Much of the industry attention is focused on airplanes over 150 seats – after all that is where the big orders are. But data on the regional market – less than 100 seats – shows interesting patterns. Rather than focus on total range, take a look at how airliners really get used. Using the US DoT T-100 data (2011 thru August) we see the following.
Among the turboprops the Embraer Brasilia did the longest flights and the segment clearly tops out at 200 miles. SkyWest accounted for 93% the E120 data and does much of this flying in the western part of the US where segments tend to be longer. The DHC8 flights are influenced by Piedmont (US Airways) accounting for 59%. These flights are typically feeder traffic into Philadelphia and as one would expect in the northeast, short routes.
The data suggests that OEMs should focus on this market because it is defined and has prospects – a lightweight turboprop with appropriate range is what airlines are going to look for as they update their fleets. SkyWest being the key re-fleet customer to watch.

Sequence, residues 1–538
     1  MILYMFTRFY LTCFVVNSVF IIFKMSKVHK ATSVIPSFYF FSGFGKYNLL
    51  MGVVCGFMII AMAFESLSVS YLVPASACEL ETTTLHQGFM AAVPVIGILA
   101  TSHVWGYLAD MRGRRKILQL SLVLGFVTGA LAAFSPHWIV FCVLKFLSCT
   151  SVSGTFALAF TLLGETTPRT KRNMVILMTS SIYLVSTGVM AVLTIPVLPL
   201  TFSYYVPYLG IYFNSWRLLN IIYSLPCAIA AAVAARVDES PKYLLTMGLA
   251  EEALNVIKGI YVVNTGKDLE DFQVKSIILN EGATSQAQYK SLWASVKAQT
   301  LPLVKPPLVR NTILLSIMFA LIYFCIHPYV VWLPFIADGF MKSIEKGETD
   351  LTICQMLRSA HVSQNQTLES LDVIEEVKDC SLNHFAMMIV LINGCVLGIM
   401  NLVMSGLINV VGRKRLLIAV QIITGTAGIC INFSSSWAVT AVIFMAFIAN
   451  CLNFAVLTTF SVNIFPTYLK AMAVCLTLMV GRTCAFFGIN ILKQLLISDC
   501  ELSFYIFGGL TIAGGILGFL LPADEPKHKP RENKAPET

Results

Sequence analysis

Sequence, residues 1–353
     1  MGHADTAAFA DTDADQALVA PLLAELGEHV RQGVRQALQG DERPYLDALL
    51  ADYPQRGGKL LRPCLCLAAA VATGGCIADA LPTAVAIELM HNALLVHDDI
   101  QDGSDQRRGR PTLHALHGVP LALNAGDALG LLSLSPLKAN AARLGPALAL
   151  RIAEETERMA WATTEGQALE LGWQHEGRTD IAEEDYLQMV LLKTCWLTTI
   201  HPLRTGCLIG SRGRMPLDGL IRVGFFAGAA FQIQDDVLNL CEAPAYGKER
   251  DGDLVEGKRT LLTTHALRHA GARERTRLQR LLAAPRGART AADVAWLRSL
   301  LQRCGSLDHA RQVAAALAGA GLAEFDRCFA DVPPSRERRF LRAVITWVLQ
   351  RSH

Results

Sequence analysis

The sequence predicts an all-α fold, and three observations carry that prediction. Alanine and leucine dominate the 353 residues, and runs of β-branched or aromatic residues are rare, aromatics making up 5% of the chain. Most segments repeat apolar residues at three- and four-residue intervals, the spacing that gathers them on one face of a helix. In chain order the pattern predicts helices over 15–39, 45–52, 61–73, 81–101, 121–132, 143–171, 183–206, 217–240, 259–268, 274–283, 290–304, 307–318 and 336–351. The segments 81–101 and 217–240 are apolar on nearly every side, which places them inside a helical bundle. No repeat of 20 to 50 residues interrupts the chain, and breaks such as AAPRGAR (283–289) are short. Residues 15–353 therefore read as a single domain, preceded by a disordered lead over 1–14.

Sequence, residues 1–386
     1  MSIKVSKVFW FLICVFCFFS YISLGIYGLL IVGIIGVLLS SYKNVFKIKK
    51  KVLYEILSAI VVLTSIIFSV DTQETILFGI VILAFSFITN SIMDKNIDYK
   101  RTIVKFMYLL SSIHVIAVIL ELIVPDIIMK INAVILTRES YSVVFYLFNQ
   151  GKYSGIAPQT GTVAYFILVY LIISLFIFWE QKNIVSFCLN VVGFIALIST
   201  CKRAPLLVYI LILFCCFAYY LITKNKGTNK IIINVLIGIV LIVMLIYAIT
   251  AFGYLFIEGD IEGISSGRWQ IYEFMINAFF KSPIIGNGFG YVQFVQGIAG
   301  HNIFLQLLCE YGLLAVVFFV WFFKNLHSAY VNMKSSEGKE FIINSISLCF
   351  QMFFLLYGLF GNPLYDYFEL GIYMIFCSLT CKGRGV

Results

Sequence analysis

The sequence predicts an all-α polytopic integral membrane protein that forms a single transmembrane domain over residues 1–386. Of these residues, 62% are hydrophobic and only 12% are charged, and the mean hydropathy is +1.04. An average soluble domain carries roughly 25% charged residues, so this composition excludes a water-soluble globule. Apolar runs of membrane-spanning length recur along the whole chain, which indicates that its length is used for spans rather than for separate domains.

Among the next group, with ranges between 300 miles and 600 miles we see a more complex display. This is a part of the market that is likely to be the most disrupted because the smaller jets are not economically effective at current fuel prices. The smaller group is below the thin white line – the 50-seat market threatened by the high speed turboprop and high fuel prices.
Note that the Q400, a high speed turboprop is in the hunt. Looking at the Air Time numbers you can see that a high speed turboprop is competitive. The amount of additional time required to serve a route with a turboprop is small compared to a jet – and at 40% lower fuel burn this is compelling and the tradeoff is attractive.
In terms of the larger regional jets it should be noted they are now flying segments that compares with those flown by 717s and 737 Classics. Therefore we see this segment as moving in two directions – regional jets growing larger and the high speed turboprop taking over from the smaller regional jets. Airlines with fleets with “horses for courses” (like Lufthansa) rather than standardizing on fewer types might be doing the smart thing.